On Jan. 21, 2020, I sat in a gymnasium in North Conway, New Hampshire, listening to resident after resident speak out against short-term vacation rentals in their town.
“This used to be such a quiet community,” said one gentleman, echoing what five before him had said. Most who spoke seemed to be in their 60s or 70s, and echoed one another’s concerns about a family town becoming a party town.
North Conway and its surrounding communities are typically quiet during the week from Labor Day through Memorial Day. It’s nearly impossible to take a trip to the grocery store or grab a coffee at Frontside Coffee Roasters without running into five people you know, engaging in quick conversation about the ski conditions at Wildcat Mountain or the new mountain bike trails on Hurricane Mountain.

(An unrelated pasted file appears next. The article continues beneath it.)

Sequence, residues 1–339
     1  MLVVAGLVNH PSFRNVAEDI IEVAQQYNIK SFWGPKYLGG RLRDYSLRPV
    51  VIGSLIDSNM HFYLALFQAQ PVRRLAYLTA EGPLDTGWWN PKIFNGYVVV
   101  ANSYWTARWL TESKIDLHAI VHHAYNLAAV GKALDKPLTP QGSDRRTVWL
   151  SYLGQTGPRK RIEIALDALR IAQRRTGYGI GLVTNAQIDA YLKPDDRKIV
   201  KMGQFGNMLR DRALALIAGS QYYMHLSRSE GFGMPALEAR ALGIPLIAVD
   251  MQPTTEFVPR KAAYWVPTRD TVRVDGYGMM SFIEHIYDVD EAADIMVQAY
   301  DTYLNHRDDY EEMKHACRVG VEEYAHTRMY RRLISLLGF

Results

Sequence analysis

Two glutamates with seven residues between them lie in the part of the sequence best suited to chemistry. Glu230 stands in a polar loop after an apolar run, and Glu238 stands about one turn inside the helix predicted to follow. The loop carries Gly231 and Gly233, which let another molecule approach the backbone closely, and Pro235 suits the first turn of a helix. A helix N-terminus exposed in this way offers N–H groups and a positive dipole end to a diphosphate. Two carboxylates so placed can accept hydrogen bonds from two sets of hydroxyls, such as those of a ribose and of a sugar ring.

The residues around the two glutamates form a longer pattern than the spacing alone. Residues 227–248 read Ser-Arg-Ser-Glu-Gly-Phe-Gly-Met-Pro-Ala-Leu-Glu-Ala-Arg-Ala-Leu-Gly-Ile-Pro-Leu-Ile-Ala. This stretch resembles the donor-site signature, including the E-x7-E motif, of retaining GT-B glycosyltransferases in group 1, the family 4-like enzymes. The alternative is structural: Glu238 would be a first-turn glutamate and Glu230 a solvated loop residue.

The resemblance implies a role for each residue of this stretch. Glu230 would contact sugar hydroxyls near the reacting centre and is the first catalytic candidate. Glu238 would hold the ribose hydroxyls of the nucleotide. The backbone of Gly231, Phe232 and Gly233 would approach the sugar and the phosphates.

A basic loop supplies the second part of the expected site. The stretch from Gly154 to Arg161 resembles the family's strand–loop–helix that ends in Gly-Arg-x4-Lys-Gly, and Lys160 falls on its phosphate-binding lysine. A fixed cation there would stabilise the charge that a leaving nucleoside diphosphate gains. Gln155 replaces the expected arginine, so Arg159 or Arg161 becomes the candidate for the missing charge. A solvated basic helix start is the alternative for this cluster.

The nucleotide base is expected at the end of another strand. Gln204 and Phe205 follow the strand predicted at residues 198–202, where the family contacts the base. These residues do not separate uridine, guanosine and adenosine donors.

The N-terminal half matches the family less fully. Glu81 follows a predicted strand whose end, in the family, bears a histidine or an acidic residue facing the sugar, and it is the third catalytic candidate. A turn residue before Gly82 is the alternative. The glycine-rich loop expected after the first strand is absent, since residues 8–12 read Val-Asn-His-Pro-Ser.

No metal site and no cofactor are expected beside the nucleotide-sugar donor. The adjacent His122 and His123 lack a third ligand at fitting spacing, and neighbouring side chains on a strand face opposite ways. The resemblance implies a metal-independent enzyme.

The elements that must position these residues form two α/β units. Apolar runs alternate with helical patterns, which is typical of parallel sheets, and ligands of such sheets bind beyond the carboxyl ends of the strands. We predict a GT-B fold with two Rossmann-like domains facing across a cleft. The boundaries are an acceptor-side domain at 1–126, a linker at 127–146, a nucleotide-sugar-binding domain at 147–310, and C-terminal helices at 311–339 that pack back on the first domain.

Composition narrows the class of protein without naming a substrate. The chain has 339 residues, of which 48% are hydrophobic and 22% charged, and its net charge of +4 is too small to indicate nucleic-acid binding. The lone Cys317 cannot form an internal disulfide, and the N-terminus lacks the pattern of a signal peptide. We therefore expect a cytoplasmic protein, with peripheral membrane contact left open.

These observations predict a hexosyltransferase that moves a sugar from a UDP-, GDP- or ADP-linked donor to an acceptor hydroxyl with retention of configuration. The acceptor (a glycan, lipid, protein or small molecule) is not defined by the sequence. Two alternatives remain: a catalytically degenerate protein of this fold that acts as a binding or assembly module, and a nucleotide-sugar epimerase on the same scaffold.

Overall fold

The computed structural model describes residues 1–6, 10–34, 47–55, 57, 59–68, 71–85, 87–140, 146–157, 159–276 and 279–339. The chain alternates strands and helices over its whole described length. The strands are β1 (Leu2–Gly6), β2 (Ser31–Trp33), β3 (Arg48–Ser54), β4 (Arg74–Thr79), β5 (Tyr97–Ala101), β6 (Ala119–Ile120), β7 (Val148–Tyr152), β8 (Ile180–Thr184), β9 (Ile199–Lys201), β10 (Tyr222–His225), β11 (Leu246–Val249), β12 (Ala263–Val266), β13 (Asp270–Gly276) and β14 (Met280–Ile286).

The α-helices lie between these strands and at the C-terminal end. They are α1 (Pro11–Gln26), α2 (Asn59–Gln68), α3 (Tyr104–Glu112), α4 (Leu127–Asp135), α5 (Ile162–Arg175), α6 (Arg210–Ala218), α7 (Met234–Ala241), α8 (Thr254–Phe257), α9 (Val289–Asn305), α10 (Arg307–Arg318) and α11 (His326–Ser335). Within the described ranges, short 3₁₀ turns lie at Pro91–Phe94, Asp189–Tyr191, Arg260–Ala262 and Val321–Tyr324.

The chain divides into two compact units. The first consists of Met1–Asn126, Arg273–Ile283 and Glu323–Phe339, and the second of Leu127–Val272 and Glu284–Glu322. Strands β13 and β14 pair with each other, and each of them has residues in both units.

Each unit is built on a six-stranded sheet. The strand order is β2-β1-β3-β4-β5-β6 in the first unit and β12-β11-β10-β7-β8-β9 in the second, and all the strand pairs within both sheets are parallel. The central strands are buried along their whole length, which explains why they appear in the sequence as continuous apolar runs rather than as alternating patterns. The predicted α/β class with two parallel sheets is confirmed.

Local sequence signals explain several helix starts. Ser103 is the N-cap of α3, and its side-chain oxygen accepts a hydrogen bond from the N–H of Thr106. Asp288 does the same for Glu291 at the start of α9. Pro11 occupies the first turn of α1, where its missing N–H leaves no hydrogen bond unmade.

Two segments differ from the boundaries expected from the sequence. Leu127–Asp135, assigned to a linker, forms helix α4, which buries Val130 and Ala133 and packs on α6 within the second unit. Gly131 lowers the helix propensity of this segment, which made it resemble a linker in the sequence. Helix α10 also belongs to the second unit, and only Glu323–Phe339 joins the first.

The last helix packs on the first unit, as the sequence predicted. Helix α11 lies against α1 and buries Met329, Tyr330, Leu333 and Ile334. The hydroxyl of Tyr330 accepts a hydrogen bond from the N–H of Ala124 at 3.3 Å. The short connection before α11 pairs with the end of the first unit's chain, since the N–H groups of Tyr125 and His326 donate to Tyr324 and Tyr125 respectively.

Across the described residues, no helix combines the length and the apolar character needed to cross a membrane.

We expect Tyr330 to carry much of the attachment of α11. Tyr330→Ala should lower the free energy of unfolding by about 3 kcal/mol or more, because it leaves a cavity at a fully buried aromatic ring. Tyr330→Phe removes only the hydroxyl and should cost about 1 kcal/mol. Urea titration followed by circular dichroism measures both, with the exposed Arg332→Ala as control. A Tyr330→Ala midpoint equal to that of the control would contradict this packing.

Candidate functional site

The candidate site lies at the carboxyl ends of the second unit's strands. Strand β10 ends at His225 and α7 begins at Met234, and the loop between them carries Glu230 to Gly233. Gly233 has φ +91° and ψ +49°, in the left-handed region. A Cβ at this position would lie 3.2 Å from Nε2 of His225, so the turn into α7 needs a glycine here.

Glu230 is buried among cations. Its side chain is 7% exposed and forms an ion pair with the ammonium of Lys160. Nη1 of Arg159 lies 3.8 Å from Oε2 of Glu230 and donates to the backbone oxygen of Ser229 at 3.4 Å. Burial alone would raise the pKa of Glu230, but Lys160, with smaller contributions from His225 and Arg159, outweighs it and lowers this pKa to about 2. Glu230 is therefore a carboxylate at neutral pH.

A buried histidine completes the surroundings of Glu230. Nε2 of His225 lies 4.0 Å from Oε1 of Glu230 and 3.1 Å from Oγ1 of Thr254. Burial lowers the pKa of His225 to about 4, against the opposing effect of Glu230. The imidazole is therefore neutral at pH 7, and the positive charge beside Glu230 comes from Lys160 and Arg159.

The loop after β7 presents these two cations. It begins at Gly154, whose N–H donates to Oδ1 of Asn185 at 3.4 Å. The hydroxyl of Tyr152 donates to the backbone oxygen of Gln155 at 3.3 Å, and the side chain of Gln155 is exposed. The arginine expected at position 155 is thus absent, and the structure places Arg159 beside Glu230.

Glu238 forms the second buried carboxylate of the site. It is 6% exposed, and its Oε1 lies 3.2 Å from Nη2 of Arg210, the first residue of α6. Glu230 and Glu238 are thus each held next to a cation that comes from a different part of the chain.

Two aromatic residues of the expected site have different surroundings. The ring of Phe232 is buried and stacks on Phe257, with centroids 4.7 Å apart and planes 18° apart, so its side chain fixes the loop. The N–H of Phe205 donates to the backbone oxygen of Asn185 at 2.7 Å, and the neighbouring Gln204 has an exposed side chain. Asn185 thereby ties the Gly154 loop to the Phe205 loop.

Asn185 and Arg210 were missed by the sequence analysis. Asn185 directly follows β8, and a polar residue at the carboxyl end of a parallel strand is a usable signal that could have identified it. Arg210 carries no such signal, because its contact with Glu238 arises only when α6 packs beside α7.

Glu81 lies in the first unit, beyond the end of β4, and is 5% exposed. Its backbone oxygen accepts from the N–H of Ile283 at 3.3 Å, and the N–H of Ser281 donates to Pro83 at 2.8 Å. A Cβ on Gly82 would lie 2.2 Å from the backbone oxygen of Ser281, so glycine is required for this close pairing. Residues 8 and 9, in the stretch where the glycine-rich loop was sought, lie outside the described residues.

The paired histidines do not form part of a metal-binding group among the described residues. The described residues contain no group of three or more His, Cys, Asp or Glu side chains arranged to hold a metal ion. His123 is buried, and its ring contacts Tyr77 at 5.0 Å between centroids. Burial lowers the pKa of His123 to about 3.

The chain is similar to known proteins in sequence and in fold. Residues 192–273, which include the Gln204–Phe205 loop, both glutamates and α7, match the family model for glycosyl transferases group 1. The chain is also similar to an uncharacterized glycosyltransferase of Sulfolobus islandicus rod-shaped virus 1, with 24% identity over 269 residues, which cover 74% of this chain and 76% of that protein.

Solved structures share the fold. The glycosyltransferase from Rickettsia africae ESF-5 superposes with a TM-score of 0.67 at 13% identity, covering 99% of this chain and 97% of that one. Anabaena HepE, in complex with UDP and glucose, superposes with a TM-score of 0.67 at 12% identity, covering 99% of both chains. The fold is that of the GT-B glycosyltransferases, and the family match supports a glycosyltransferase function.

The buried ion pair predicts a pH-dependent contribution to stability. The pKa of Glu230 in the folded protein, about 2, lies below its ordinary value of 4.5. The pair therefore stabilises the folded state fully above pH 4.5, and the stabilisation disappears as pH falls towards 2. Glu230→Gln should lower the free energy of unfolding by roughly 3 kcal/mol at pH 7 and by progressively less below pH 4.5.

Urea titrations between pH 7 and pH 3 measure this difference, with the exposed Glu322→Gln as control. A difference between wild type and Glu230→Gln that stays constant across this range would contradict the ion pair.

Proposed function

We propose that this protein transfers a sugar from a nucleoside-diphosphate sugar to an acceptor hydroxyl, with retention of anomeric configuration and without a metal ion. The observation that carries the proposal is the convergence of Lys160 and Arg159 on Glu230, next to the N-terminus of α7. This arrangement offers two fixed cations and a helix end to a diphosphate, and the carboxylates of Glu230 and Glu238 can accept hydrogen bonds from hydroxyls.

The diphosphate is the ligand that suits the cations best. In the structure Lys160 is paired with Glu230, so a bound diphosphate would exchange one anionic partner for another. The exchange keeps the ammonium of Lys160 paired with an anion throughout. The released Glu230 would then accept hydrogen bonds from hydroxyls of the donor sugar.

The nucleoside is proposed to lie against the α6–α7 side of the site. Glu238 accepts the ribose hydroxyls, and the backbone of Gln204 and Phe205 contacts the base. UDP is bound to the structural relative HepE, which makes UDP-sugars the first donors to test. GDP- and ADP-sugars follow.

But on weekends, that seems to change. Traffic builds on Route 16 heading into the village, and a few well-known short-term rentals around town grow a bit louder, with visitors having a few beers over a bonfire well into the evening. And with these vacationers comes the economy that allows these small mountain towns to thrive.